RI Receives $2.7 Million to Improve Workforce and Education Data Collection
Federal funds will help develop and enhance state workforce databases
WASHINGTON, DC – U.S. Senators Jack Reed and Sheldon Whitehouse and U.S. Representatives Jim Langevin and David Cicilline today announced that Rhode Island is receiving $2,700,000 in federal funding from the U.S. Department of Labor (DOL) to help the Rhode Island Department of Labor and Training (DLT) better use data to enhance coordination between state-level workforce and education programs. The funding will help the programs take steps to better complement each other and will promote greater efficiency in the state’s workforce system.
The grant is part of the sixth round of the U.S. Department of Labor’s (DOL) Workforce Data Quality Initiative (WDQI) to fund the development and enhancement of state workforce longitudinal administrative databases, totaling $11.4 million in federal funds.
For the first time, eligible State Workforce Agencies (SWAs) in Rhode Island and Mississippi are being awarded “super grants” of $2.7 million for the integration of their states’ case management, performance reporting, and/or fiscal reporting systems with their states’ databases.
Nationwide, DOL has also awarded six grants – each approximately $1 million – to eligible SWAs for the development or enhancement of states’ databases. These databases include information on programs that provide training and employment services, and are useful given that the databases track the same type of information on the same subjects at multiple points in time. Awardees include SWAs in Alabama, Indiana, Iowa, Kentucky, Massachusetts, and Missouri.
Grantees will be expected to use their longitudinal databases to conduct research and analysis aimed at determining the effectiveness of workforce and education programs and to develop tools to better inform customers about the benefits of the publicly funded workforce system.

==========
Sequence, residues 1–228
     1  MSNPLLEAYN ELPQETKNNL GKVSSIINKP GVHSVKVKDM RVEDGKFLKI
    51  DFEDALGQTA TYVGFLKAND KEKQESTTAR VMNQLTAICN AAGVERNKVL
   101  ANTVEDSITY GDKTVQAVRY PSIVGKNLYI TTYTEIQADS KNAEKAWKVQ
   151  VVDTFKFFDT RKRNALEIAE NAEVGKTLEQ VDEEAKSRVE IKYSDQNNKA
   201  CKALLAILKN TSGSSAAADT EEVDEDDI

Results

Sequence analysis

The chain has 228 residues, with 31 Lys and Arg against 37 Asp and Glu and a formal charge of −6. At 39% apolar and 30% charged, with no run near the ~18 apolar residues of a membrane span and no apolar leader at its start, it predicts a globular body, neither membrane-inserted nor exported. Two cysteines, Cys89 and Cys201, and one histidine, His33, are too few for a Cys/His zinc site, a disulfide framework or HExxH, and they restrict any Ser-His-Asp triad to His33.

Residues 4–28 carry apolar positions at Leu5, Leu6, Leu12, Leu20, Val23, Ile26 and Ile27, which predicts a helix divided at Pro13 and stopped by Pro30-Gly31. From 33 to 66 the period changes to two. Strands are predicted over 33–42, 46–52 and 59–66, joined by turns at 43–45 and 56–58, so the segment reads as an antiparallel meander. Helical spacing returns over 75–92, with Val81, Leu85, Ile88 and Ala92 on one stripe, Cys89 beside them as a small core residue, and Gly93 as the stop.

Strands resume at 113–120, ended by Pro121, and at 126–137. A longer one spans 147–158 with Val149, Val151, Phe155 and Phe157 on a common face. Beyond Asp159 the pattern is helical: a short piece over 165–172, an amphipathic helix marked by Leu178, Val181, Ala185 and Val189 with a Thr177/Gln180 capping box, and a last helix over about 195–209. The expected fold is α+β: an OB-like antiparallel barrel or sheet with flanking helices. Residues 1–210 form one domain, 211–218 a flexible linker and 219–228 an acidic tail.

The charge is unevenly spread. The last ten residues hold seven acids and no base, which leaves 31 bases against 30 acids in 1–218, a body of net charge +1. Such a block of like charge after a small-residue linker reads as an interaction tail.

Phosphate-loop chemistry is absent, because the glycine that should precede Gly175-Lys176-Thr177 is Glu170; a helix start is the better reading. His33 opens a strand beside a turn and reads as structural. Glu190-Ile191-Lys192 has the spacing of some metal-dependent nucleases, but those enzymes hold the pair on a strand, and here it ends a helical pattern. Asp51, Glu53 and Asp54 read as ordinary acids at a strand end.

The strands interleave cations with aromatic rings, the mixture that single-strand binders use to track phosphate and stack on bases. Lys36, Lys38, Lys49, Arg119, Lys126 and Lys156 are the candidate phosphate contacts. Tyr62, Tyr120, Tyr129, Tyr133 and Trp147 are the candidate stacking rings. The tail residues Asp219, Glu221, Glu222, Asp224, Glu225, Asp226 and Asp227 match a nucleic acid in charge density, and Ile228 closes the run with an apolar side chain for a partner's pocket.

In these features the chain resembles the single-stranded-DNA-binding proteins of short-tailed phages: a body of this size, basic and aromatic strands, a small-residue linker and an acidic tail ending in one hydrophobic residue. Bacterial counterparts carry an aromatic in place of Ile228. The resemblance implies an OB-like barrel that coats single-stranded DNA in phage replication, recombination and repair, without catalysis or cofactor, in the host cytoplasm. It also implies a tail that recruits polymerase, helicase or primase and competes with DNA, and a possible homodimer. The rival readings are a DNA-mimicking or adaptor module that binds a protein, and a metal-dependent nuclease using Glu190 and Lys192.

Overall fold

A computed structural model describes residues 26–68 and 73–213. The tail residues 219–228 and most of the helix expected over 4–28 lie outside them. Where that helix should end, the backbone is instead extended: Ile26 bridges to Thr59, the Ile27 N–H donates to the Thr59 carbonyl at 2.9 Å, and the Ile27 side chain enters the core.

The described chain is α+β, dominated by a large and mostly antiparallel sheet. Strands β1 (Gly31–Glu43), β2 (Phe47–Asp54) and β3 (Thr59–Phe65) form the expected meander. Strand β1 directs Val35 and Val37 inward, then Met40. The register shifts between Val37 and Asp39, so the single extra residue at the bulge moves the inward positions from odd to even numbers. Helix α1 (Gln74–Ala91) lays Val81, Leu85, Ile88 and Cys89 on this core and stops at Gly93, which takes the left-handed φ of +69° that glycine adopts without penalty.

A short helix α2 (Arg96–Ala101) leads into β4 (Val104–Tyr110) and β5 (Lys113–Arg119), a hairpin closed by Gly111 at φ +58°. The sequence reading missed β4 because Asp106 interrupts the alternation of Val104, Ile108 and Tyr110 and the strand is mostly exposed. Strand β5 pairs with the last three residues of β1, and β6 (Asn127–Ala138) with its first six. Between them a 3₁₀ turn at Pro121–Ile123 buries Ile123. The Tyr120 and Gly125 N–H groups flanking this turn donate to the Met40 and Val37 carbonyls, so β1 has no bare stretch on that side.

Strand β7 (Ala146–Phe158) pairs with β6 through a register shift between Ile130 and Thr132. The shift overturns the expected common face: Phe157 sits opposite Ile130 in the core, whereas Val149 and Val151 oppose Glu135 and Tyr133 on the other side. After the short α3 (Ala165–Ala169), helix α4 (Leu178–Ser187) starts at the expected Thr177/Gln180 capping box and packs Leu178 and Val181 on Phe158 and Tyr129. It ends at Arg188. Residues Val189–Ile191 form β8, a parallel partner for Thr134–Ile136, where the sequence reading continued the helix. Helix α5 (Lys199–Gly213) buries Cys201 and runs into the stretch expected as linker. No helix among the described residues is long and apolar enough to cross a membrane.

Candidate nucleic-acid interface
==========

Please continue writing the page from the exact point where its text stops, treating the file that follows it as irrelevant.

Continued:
WDQI databases will ultimately include information on programs that provide training and employment services, connect with education data, be linked at the individual level, and be capable of generating workforce training provider performance information and outcomes, including outcomes that are relevant to WIOA performance reporting, in a standardized format to help customers select the education and training programs that best suit their needs.
“Too often we hear frustrations about matching job seekers with employers. This federal money aims to fix that and streamline communications and coordination between the state’s workforce and education programs. That’s good news,” said Senator Jack Reed. “I will continue working to support the state’s workforce development mission and ensure they have the latest technology and fullest extent of available data tools.”
“I’m proud of Rhode Island for being one of only two states to win a ‘super grant’ in order to better align our state’s education programs and workforce development,” said Senator Sheldon Whitehouse. “This federal funding will support improving the programs that equip Rhode Islanders with the skills they need to get good jobs and succeed at work.”
“We rely on workforce training programs to help strengthen our economy and close the skills gap in the state,” said Congressman Jim Langevin, co-chair of the Congressional Career and Technical Education Caucus. “These federal funds will streamline data collection and improve data quality among the state's workforce and education programs to help improve outcomes and enhance the power of Rhode Island’s workforce.”
“Building an economy that allows all Rhode Islanders to get ahead must be our absolute top priority, and this grant will help to ensure folks are prepared for the good-paying jobs of the 21st Century,” said Congressman David Cicilline. “Our workforce development system must reflect the high-tech demands of our advanced economy, and this funding will enhance our ability to provide Rhode Islanders with the training and education that our employers actually need.”
Objectives the grantees will be expected to achieve include:
• Developing or improving state workforce longitudinal administrative databases;
• Connecting workforce data with education data;
• Improving the quality and breadth of the data in workforce longitudinal administrative databases;
• Using longitudinal data to provide useful information about program operations;
• Evaluating the performance of education and employment training programs;
• Providing user-friendly information to consumers to help them select the education and training programs that best suit their needs; and
• Integrating performance, fiscal, and/or case management systems with the longitudinal administrative database.
More information on WDQI grants can be found here.
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